German officials have, however, said the country would find ways to cope if Moscow, rather than Berlin, cuts off oil and gas deliveries, raising doubts about Mr. Scholz’s claim that Germany couldn’t cope without Russian energy imports.

Losing access to Russian gas during colder months would mean activating German emergency plans to conserve fuel for heating, including suspending some industrial activities—such as in the chemicals sector—that use gas in the production process.

Some German politicians, such as former Finance Minister Wolfgang Schäuble, have called for an immediate if temporary embargo on all energy purchases from Russia to destroy the economic underpinnings of Mr. Putin’s military offensive.

Mr. Zelensky also called for more weapons, including warplanes, tanks, artillery and shells.

“Ukrainians should not die just because someone cannot find enough courage to hand over weapons to Ukraine,” he said. “Fear always makes you an accomplice.”

Ukraine’s armed forces have inflicted heavy losses on Russian troops despite expectations among Western governments that the country would quickly collapse in the face of Mr. Putin’s invasion.

Ukraine’s defenders have received mainly lighter weapons from the U.S. and some European countries, such as shoulder-fired antitank and antiaircraft missiles. But Kyiv argues it needs heavier weapons to support its counterattacks aimed at reclaiming more territory from the invading Russians.

Mr. Zelensky listed recent tactical victories over Russian forces, saying Ukraine’s army was pushing them back from the outskirts of Kyiv. He said Irpin, a town to Kyiv’s northwest, had been retaken, although a senior U.S. official said Monday they couldn’t independently verify the claim.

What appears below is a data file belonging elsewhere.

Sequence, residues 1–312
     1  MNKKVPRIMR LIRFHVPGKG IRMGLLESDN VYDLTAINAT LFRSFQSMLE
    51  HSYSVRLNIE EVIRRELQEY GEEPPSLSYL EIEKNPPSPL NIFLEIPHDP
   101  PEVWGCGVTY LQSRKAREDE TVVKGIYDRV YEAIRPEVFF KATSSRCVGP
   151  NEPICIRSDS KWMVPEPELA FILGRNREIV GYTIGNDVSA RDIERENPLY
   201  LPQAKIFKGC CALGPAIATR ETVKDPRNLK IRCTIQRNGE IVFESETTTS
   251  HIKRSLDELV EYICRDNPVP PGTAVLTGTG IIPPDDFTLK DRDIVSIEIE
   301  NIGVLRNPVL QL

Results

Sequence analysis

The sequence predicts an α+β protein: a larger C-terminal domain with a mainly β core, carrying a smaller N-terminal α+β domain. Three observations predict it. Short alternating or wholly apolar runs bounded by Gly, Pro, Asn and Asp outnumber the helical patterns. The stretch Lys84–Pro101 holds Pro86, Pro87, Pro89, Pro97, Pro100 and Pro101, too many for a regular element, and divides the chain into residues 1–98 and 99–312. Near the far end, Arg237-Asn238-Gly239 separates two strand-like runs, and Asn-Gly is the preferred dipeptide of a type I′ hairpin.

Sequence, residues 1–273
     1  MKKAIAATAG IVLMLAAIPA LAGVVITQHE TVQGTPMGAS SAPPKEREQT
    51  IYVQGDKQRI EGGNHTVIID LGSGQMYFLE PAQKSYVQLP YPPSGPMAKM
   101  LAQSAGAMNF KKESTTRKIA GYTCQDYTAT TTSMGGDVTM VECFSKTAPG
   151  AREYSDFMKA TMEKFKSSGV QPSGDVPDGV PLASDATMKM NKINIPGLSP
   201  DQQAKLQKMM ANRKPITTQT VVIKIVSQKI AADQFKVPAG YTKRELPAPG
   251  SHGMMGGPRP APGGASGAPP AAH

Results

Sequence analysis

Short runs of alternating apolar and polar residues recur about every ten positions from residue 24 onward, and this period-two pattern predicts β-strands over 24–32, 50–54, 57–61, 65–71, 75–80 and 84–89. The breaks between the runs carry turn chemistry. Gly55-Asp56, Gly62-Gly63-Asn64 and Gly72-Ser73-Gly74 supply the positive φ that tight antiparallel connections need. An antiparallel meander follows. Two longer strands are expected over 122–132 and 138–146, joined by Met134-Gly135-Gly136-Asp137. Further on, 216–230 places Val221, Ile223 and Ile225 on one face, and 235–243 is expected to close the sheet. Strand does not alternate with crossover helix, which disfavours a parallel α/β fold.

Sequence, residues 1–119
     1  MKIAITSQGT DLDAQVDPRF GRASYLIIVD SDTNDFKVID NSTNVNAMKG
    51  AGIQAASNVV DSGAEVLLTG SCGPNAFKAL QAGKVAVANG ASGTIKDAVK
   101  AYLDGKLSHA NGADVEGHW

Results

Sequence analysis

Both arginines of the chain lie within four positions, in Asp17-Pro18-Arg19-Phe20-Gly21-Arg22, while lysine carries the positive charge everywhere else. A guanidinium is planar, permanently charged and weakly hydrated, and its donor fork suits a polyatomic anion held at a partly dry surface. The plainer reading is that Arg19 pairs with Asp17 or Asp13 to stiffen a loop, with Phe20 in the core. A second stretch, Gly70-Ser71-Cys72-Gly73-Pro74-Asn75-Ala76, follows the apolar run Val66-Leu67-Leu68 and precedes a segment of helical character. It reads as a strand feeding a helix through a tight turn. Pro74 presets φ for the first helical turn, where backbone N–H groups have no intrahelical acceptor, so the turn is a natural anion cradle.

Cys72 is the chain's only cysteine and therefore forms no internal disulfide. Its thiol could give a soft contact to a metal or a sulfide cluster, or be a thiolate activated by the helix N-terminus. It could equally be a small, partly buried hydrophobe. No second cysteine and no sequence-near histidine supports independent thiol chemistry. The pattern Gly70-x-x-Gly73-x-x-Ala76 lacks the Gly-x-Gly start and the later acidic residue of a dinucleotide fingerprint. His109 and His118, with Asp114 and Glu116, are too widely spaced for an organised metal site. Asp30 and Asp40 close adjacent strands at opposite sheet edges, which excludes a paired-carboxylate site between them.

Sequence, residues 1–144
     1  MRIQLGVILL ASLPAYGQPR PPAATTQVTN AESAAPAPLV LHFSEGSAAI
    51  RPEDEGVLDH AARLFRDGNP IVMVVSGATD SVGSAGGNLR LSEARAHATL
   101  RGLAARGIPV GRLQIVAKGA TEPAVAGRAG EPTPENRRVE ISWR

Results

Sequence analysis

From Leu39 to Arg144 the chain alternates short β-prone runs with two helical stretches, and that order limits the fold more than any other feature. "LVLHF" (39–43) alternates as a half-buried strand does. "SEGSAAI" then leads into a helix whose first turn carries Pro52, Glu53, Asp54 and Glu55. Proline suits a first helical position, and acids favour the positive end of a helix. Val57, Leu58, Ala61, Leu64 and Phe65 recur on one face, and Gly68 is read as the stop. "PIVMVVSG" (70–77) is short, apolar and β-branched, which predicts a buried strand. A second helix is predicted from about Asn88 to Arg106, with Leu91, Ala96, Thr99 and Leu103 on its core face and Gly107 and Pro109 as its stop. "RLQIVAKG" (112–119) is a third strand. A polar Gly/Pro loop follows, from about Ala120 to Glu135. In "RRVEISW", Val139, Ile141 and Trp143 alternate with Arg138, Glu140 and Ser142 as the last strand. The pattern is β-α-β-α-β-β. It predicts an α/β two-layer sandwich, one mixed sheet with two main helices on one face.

Mr. Zelensky also called on Ukrainians to remain grounded despite recent military successes. “We can’t set expectations too high,” he said, noting that Russian forces were regrouping.

Ukrainian officials reported advances in other parts of the country. Oleksandr Vilkul, head of the military administration in Kryvyi Rih in central Ukraine, said that Ukrainian forces had repelled Russian attacks and pushed them 25 miles from the city, which is Mr. Zelensky’s hometown.

“The main thing is that after the stress of the first days, we have realized that we can not only halt the enemy, but strike and defeat it,” Mr. Vilkul said in a video address.

A Russian cruise missile struck the regional government building in Mykolayiv in southern Ukraine on Tuesday morning, the regional governor said. Rescuers were searching the damaged building, half of which was destroyed, for eight civilians and three soldiers who were missing, while more than 50 people managed to get out, Gov. Vitaliy Kim said on the Telegram messaging app.

Maj. Gen. Dmitro Marchenko, the head of Mykolayiv’s defense, said 15 people were missing and that 16 had been injured. Vans transported bodies to the regional morgue in the city after the strike.

Mr. Kim said half the building was destroyed, including his office, and that he wasn’t there because he had overslept.

Ukrainian forces have in recent days pushed Russian units back from the edge of Mykolayiv, a key city on the road to the Black Sea port of Odessa.

—Yuliya Chernova, Marcus Walker and Bojan Pancevski contributed to this article.